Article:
Thursday Briefing: U.S. restricts China investment

Also, bringing stolen treasures home.

President Biden in a blue suit and tie, standing in the White House behind a lectern with microphones and the presidential seal.
China is likely to see the move as part of a wider campaign to contain its rise.Kenny Holston/The New York Times

President Biden escalated his confrontation with China today by banning American investments in key Chinese tech industries that could enhance Beijing’s military and surveillance capabilities.

The proposed rules would apply to U.S. private equity and venture capital firms investing in quantum computing, artificial intelligence and advanced semiconductors. U.S. firms investing in a broader range of Chinese industries would also be required to report their activity.

The White House has recently sought to calm relations with China. At the same time, it has pushed to “de-risk” critical supply chains by developing suppliers outside China, and has ramped up its restrictions on selling technologies to China, like semiconductors for advanced computing.

In the past few years, investments between the U.S. and China have fallen sharply, but venture capital and private equity firms have continued to seek out lucrative opportunities for partnerships as a way to gain access to China’s vibrant tech industry.

A defensive missile system on top of the Russian Defense Ministry headquarters in Moscow.Alexander Nemenov/Agence France-Presse — Getty Images

Russia said yesterday it shot down two drones flying near Moscow, the latest in a series of attacks that have brought the war to the country’s capital city on a near-daily basis. Officials said they intercepted at least 12 drones that were aimed at Moscow in the last three weeks.

The attacks could not be independently verified, but Ukrainian officials have acknowledged that some were orchestrated by Kyiv. Not all of the drones appear to have been intercepted: Last week, a building in central Moscow housing government ministries was twice struck by drones in 48 hours.

Elsewhere in the war:

Imran Khan’s lawyers also sought to have him moved from a famously harsh prison.Akhtar Soomro/Reuters

The legal team for Imran Khan, the former prime minister of Pakistan, is appealing his three-year prison sentence. His allies argue that the verdict — which found him guilty of hiding assets after illegally selling state gifts — was a politically motivated effort to sideline him.

The appeal kicks off a high-stakes and hotly contested legal fight that will determine Khan’s future as Pakistan heads into general elections later this year. Under Pakistani law, a convicted person is barred from running for public office for a maximum of five years starting from the conviction date.

Police officers near an apartment complex where two F.B.I. agents were killed in Sunrise, Fla., in 2021.Marta Lavandier/Associated Press
  • An investigation into a pedophile ring in the U.S. and Australia, which was triggered after the killing of two F.B.I. agents, has led to 98 arrests and 45 convictions.

  • Typhoon Khanun, a tropical cyclone that killed at least two people in Japan, is heading toward South Korea.

  • Wildfires fueled by Hurricane Dora raced across parts of Hawaii, killing six people and forcing some residents to take refuge in the Pacific Ocean.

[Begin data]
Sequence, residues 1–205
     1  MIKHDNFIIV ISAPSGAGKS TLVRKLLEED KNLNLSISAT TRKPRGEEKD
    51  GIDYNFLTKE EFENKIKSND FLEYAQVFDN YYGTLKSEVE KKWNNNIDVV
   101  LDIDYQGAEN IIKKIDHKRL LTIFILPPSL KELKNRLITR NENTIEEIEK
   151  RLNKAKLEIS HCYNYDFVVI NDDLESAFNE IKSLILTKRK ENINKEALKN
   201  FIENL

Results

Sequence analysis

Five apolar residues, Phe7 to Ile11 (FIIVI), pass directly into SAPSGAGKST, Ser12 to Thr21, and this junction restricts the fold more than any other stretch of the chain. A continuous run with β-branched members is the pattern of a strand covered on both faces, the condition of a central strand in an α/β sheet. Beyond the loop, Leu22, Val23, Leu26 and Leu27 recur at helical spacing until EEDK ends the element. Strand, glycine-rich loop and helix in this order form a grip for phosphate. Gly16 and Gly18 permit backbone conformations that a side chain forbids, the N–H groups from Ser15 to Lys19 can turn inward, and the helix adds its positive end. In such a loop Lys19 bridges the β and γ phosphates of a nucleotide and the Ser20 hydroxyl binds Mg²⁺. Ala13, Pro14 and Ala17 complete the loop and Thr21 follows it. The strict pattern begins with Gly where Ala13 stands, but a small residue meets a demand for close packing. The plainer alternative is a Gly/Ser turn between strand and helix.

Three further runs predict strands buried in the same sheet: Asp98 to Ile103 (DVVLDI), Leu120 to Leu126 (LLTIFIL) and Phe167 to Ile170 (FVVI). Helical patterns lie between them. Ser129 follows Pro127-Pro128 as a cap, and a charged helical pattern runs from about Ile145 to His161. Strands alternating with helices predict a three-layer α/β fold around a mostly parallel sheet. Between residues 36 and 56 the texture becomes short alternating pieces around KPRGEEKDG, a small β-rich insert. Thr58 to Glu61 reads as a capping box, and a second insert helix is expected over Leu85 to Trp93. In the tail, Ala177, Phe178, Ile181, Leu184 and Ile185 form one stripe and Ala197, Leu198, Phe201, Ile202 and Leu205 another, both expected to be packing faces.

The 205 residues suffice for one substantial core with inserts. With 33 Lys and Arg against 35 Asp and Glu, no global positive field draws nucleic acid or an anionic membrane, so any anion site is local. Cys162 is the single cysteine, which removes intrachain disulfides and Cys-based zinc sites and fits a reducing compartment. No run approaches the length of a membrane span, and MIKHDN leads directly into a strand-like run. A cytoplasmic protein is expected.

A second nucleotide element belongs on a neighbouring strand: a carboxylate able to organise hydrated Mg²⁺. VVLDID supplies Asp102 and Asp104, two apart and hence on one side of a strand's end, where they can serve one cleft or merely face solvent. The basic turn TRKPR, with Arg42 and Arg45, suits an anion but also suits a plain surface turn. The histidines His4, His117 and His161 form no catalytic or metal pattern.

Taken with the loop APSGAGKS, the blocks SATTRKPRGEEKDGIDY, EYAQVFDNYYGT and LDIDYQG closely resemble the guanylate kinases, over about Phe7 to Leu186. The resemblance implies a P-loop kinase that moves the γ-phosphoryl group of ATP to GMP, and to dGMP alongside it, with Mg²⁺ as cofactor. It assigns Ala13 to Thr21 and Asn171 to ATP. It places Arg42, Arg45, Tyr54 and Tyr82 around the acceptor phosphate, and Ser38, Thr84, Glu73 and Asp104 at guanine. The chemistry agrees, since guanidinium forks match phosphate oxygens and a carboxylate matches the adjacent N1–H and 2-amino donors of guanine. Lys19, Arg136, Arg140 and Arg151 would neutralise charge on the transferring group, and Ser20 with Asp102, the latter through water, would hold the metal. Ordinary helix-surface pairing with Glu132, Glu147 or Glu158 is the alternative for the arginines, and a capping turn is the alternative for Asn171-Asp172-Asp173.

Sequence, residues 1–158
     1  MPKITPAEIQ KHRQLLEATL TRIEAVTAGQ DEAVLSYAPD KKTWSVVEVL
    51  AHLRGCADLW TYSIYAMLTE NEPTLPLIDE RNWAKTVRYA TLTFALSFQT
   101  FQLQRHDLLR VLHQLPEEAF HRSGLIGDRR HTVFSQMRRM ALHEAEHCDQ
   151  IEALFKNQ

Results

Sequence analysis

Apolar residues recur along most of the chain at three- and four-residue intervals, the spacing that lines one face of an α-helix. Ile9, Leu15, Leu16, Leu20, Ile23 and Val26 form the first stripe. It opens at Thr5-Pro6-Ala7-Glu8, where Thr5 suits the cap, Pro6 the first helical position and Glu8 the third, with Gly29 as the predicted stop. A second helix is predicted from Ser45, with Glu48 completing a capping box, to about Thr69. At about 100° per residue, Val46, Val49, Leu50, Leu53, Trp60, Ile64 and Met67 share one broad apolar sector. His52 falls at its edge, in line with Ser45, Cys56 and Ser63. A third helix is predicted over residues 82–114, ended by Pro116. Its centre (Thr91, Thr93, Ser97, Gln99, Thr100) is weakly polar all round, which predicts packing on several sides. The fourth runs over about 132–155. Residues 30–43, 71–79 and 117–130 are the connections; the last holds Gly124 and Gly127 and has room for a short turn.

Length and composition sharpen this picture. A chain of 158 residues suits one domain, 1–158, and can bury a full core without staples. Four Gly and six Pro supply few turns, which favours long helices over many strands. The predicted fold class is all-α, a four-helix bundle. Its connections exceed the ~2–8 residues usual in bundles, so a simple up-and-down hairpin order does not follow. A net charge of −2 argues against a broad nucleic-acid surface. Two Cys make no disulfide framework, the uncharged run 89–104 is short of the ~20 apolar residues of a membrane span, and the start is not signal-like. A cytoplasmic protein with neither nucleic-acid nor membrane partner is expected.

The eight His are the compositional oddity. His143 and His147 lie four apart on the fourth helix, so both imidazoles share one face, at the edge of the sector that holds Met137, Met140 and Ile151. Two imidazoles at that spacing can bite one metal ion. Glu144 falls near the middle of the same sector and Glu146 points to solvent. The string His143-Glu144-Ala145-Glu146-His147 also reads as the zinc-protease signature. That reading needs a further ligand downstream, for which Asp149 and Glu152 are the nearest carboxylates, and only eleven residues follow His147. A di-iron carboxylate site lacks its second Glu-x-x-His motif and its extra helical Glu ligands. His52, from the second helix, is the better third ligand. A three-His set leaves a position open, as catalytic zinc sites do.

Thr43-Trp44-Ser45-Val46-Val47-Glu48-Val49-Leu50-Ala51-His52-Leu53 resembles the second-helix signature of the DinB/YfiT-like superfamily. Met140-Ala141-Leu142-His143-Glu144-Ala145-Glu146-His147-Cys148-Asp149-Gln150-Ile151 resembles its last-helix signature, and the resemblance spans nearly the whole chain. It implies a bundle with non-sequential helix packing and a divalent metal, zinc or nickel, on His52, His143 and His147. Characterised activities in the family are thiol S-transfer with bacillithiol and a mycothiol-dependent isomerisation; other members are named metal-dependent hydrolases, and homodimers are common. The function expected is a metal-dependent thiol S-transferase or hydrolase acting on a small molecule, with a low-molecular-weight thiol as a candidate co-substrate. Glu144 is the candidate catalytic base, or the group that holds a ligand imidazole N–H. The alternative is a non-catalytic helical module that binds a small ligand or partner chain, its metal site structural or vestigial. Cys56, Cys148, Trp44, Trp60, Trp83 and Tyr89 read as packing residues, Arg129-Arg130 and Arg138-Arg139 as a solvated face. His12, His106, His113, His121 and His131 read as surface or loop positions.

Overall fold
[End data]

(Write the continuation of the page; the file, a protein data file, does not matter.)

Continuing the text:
Daniel Irungu/EPA, via Shutterstock
Adrienne Raquel for The New York Times

Top male rappers appear to be in crisis: overwhelmed, confused, struggling to embody so many contradictory ideals. As a result, the art is suffering, too. As their male counterparts turn depressive and paranoid, the women are glowing, my colleague Niela Orr writes.

They’re not new to this — women have been part of rap since the beginning — but, at the moment, emerging stars like Tiacorine, Glorilla and Maiya seem to be having all the fun. And success. Not only is their music popular and crafty, but it has vitality and comedy, too.

Read the full article.

Sylvie Njobati scored a victory last year in her campaign to bring looted objects home to Cameroon from Germany.Marc Sebastien Eils

The discussion about returning wrongfully acquired artifacts has focused on the steps taken by Western museums and governments. But away from the spotlight, in countries like Cameroon and Indonesia, officials and activists are laying groundwork to reclaim long-lost treasures.

The Lombok diamond is one of nearly 500 Indonesian treasures wrongfully acquired during Dutch colonial rule that are returning home next month. Tens of thousands of Indonesian objects remain in museums in Europe, primarily in the Netherlands. The Indonesian state will be the owner of all returning heritage items, and the National Museum in Jakarta will serve as their custodian.

Rather than putting reclaimed items in a museum, Nepal aims to return them to the communities from which they were stolen. Similar efforts are underway in Cameroon and the Democratic Republic of Congo.

Johnny Miller for The New York Times

Cook this eggplant Parmesan, a perfectly calibrated version of a classic.

Read “Shark Heart: A Love Story” to learn what to do if your husband turns into a great white.

Dance like Taylor Swift, who commands the stage without flashy moves.

Wear expertly draped dresses and separates to make a refined statement this season.

Channel your inner child for a better workout.

Play the Spelling Bee. (If you’re stuck, the Bee Buddy can help.) And here’s the Mini Crossword, Wordle and Sudoku.

That’s it for today’s briefing. See you next time. — Justin

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